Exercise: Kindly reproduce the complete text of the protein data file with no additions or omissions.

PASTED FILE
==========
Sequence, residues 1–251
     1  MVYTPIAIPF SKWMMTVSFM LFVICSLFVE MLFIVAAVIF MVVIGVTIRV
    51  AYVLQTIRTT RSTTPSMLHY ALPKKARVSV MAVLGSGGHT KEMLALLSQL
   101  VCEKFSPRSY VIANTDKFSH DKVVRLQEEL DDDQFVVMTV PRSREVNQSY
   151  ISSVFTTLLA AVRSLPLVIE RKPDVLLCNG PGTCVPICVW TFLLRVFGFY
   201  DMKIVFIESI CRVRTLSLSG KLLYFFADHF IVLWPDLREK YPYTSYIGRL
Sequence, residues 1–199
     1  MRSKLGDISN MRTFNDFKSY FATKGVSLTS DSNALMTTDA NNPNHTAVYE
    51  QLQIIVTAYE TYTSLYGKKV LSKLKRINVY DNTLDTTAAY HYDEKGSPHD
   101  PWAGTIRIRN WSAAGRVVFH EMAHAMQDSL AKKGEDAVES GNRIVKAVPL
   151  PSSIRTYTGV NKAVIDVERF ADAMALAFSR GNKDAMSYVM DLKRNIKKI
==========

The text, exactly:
Sequence, residues 1–251
     1  MVYTPIAIPF SKWMMTVSFM LFVICSLFVE MLFIVAAVIF MVVIGVTIRV
    51  AYVLQTIRTT RSTTPSMLHY ALPKKARVSV MAVLGSGGHT KEMLALLSQL
   101  VCEKFSPRSY VIANTDKFSH DKVVRLQEEL DDDQFVVMTV PRSREVNQSY
   151  ISSVFTTLLA AVRSLPLVIE RKPDVLLCNG PGTCVPICVW TFLLRVFGFY
   201  DMKIVFIESI CRVRTLSLSG KLLYFFADHF IVLWPDLREK YPYTSYIGRL
Sequence, residues 1–199
     1  MRSKLGDISN MRTFNDFKSY FATKGVSLTS DSNALMTTDA NNPNHTAVYE
    51  QLQIIVTAYE TYTSLYGKKV LSKLKRINVY DNTLDTTAAY HYDEKGSPHD
   101  PWAGTIRIRN WSAAGRVVFH EMAHAMQDSL AKKGEDAVES GNRIVKAVPL
   151  PSSIRTYTGV NKAVIDVERF ADAMALAFSR GNKDAMSYVM DLKRNIKKI